...between the USS Density and the mv Galaxy

Ron Buninga's Presentation Speech to the USS Density Reunion in Branson, Missouri, 18th September 2003

Hello veteran Density crew members, relatives and friends. I feel very honoured and proud to be here at your reunion. Through Tanya Baugus, you might have heard of the reason why I am here at this occasion.

Let me introduce myself. My name is Ron. I am the son of the former captain who served on the then Big L ship, Galaxy, during its broadcasting years in the Sixties. I will try to tell you what I know about the ship and its history - what I have heard and seen.

My father, who by the way served as a merchant marine on oil tankers during the Second World War, had a certain bond with the ship. He knew it had been a US minesweeper around Okinawa during World War II.

During the time the radio pirate ships broadcast in the Sixties, my father served on other ships as well, that did the same thing – sending out music as radio stations.

Two years ago, Mary explained to you how things worked out in Europe then. My Dad mentioned that the Galaxy, to you the USS Density, was the least suitable ship for the purpose, because of its narrow size and high antenna. The ship had four anchors to prevent it from swinging around with the strong tide and current.

At first, the old generator was used to supply the ship's power, but its use was abandoned because the engine used some 150 gallons of oil just for lubrication [per day]. Then they installed two Cummins generators, one on the wing of the bridge, and the other one was lowered in the engine room by cutting a hole in the rear deck.

The energy from the antenna was so powerful that you could hold a neon tube in your hand and it would shine!

The Density had two studios in the rear of the vessel.

The Density was scrapped sometime in the seventies when it was laid up in Kieler Harbour in Northern Germany after it capsized.

The bell; my father got it as a present. Crew members took it down and made a hanger for it to put it up against a wall outside of the house. It has been out there for some thirty years before I took it down when the house was eventually sold after my mother passed away in 1999.

Through Mary and Chris's site about Radio London on the Internet, I found out about your veteran members' club concerning the Density.

That is why I am here today to take the bell back to you – the place where it should belong.

Post-Reunion Feedback

From Ron, who was the last of us to leave the hotel.

It was kind of lonely out there in Branson when everybody had left that afternoon. I had the best time ever meeting all these friendly people. I enjoyed every hour and will be thinking back with happiness for a long time to come! I am so glad that I took the initiative to take that bell back. Actually, without the two of you and me surfing on the Internet to find out about Big L's site, you mentioning the Density Reunions etc., etc, this never would have happened!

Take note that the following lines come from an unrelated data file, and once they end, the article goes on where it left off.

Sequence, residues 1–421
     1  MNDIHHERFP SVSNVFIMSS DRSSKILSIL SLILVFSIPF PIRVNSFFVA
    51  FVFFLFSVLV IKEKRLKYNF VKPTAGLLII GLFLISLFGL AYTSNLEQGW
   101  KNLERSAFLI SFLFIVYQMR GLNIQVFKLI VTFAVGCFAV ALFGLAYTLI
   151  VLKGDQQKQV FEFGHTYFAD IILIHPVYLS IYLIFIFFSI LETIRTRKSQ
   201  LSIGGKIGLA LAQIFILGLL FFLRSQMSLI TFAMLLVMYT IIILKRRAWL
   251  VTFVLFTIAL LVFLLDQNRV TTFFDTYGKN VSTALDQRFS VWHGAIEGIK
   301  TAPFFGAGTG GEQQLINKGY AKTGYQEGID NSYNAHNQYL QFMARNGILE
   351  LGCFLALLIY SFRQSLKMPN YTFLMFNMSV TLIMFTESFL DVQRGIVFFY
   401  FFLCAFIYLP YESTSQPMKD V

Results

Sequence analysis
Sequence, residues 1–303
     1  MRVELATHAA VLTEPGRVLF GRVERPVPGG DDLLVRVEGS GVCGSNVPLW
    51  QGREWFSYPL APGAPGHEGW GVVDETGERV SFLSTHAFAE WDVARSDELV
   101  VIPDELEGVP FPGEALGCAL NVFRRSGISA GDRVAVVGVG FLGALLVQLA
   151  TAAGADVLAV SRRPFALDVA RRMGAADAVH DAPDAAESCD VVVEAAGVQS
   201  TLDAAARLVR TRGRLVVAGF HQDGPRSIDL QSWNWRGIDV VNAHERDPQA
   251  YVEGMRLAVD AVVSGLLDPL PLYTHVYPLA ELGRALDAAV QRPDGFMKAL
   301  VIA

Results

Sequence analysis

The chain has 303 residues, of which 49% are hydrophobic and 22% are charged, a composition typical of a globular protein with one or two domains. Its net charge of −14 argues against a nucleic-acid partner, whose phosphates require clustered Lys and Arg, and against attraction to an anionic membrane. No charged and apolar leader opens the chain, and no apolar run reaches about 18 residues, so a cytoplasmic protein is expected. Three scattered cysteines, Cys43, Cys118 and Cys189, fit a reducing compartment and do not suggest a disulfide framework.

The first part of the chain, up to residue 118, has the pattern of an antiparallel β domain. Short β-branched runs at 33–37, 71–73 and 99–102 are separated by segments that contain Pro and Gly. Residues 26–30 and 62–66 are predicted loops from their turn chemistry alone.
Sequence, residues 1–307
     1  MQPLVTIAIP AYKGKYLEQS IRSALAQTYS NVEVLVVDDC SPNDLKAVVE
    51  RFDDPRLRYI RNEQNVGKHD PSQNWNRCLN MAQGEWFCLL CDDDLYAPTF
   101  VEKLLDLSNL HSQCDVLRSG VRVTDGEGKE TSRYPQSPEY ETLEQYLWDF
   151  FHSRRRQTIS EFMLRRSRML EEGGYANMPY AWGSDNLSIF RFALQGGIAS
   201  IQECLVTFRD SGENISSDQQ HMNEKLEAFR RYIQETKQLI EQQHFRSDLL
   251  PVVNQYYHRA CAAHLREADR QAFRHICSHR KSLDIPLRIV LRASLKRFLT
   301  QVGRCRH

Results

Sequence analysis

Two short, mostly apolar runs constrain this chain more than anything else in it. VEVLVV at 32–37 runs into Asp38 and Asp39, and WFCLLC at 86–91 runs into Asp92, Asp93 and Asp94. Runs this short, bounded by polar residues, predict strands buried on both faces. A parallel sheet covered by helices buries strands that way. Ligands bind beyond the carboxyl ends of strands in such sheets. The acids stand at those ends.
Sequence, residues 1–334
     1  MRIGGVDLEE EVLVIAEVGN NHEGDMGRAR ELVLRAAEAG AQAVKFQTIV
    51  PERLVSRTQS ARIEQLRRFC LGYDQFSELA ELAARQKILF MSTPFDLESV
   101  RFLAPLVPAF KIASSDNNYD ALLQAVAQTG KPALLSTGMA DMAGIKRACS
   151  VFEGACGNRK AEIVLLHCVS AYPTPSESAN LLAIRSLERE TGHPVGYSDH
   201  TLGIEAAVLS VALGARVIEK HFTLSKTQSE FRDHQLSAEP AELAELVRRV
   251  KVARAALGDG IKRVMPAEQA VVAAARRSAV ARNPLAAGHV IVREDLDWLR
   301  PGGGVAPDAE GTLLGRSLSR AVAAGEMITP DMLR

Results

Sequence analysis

Love, Ron.

Chris and Mary presented Radio London founder, Tom Danaher, with a copy of The Sound of Big L double CD, produced in Amsterdam by Hans Knot. (Details of how to buy it are in the Swop Shop.) During the presentation evening, Chris had given a shortened version of the history of Radio London which he had previously compiled and presented at the 2001 reunion. This was for the benefit of the many crew members who had been unable to attend before.

From Tom:

Thanks for coming over to Branson and adding so much to the affair. Your presentations were excellent! I really had a wonderful evening yesterday, listening to "Wonderful Radio London", recorded straight off the air! Hearing those so-familiar PAMS jingles, T.W. and the various disc-jocks, brought back so many imbedded memories. I enjoyed disc #1 last evening, and will enjoy #2 tonight. Thank you so very much for your kindness.

Being with the Density shipmates also meant very much to me. To talk to them about specifics of the ship causes me to recall so many of the details of the ship. When I went below with a flash light in the "Manoula" at Merrill-Stevens yard up the Miami river to inspect her, she was listing port about 30 degrees. Much of the machinery, wiring etc. was inundated. Those crew members would have been sick to see their ship in such a condition. The effort expended in getting that ship barely seaworthy, and outfitted as a 50kw broadcasting station in non-stop nick time, would sound like fiction if the story could be told. I began the project at my petrified weight of 155lbs, and watched Kou Walter and the rag-tag crew sail the "Galaxy" out of Government-cut, Miami, at 140lbs! "Radio London" has been quite a ride.

I hope to see y'all again sometime before Nashville. Best regards, Tom

From Co-organiser Mary Simmons:

We had so much fun with you two and also with Ron. Can't imagine what the reunions would be like without you now.

Love, Mary and Lanny

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